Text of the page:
Rachel Riley issues apology after linking Sydney attack to ‘global intifada’

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Rachel Riley issues apology after linking Sydney attack to ‘global intifada’

David Baddiel condemns what he claims was a 'crazed rush' online to blame the Australian attack on someone who was "Muslim by some and Jewish by others"

Lee Harpin is the Jewish News's political editor

Rachel Riley speaking on Channel 4
Rachel Riley speaking on Channel 4

Countdown’s Rachel Riley has issued an apology for a controversial social media post about the Sydney mall stabbings after she blamed the horrific attack on wider calls for a “globalised Intifada”.

Police in Australia confirmed the tragic killing spree, which resulted in six fatalities on Saturday (April 13), was carried out by Joel Cauchi, 40, from Queensland, who police said was previously known to them, and who suffered from mental health issues.

But in an instant response to the incident, campaigner against antisemitism Riley wrote on X:”For six months now people have been out our streets proudly calling for ‘Intifada Revolution’.

“If you want to know what ‘Globalise the Intifada’ looks like see the Sydney mall.”

The post appeared to be a reference to chants made at pro-Palestine protests in this country.

After it emerged that that massacre had not been committed by someone claiming to act out of anger over the Palestinian issue, Riley faced widespread criticism online, with some calling for Channel 4 to dismiss her.

Comedian David Baddiel was among those to express concern over those who swiftly attempted to blame the attack on those who were “Muslim” .

He posted on X:”The crazed rush to insist that the Bondi killer was Muslim by some and Jewish by others – when in fact he was neither – is another example of how much this platform is just somewhere people come to have their confirmation biases further confirmed.”

Some on social media had falsely suggested the attacker was himself Jewish, naming him as Benjamin Cohen.

Riley had not been the only high profile online figure to make a snap judgement on the identity of the Sydney attacker.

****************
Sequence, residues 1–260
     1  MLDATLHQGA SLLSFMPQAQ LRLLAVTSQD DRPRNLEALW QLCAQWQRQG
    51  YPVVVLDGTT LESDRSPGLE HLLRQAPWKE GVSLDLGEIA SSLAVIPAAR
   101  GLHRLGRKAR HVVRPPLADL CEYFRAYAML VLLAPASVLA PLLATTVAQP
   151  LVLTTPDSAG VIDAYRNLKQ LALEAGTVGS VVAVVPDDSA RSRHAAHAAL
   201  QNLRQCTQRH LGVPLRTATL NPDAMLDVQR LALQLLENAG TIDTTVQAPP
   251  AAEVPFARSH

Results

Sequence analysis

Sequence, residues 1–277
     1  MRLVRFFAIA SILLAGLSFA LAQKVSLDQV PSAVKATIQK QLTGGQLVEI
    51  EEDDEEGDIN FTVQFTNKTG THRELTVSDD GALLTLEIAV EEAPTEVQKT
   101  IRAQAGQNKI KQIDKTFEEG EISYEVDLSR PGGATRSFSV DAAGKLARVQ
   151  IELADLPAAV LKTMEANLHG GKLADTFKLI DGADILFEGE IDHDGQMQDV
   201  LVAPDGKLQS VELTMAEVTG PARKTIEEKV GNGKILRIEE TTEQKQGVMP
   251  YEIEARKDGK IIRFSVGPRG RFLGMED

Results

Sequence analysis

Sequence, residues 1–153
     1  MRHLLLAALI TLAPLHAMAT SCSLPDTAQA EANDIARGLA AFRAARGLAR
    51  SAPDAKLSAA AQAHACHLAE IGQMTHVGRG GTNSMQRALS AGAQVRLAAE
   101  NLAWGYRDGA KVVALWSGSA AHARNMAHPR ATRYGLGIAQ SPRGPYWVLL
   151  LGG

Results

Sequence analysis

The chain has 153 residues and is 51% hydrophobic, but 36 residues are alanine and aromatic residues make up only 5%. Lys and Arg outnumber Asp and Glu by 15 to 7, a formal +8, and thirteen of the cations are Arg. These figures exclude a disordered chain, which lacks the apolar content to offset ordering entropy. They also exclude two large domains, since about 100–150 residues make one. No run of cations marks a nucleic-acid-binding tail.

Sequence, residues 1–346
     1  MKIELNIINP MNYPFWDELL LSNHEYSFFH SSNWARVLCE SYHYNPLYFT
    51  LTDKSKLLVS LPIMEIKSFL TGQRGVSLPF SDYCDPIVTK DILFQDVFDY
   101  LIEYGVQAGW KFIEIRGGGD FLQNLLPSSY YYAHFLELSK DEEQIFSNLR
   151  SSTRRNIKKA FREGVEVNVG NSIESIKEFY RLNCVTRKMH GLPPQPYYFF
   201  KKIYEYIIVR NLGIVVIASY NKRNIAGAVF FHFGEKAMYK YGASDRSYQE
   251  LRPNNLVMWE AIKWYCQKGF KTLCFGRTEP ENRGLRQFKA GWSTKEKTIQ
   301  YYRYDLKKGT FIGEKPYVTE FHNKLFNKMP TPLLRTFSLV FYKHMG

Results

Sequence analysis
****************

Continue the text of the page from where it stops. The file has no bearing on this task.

The presenter Julia Hartley-Brewer also apologised for suggesting the atrocity was an ” Islamist terror attack.” Other high-profile figures deleted posts that also suggested the incident was “Islamist” related.

Riley initially sought to “clarify” the post, writing:” “Just to clarify, my intention with this tweet was not to say this attack was caused by any ideation or to link it to Islamic extremism.

“At the time we did not know who the attacker was, and as such I made no reference.

“My aim was to highlight the weekly calls for “intifada” being tolerated in London and around the world, which in actuality means violence on our streets.

“For six months now, I have avoided taking the Tube, or going with my kids to anywhere near the marches each Saturday, and each week we see the extremist chants on proud display with little outcry”.

But as criticism continued, with calls for Riley to apologise for her initial post, she eventually updated her statement on Sunday evening.

She posted:”I’ve thought about this all day and deleted the original tweet, so just one more post on the matter.

“I’m sorry to those I offended. My post was ambiguous and although it was genuinely designed to call out calls for violence, it wasn’t the right place or time which made it easier to misinterpret, and I apologise.”

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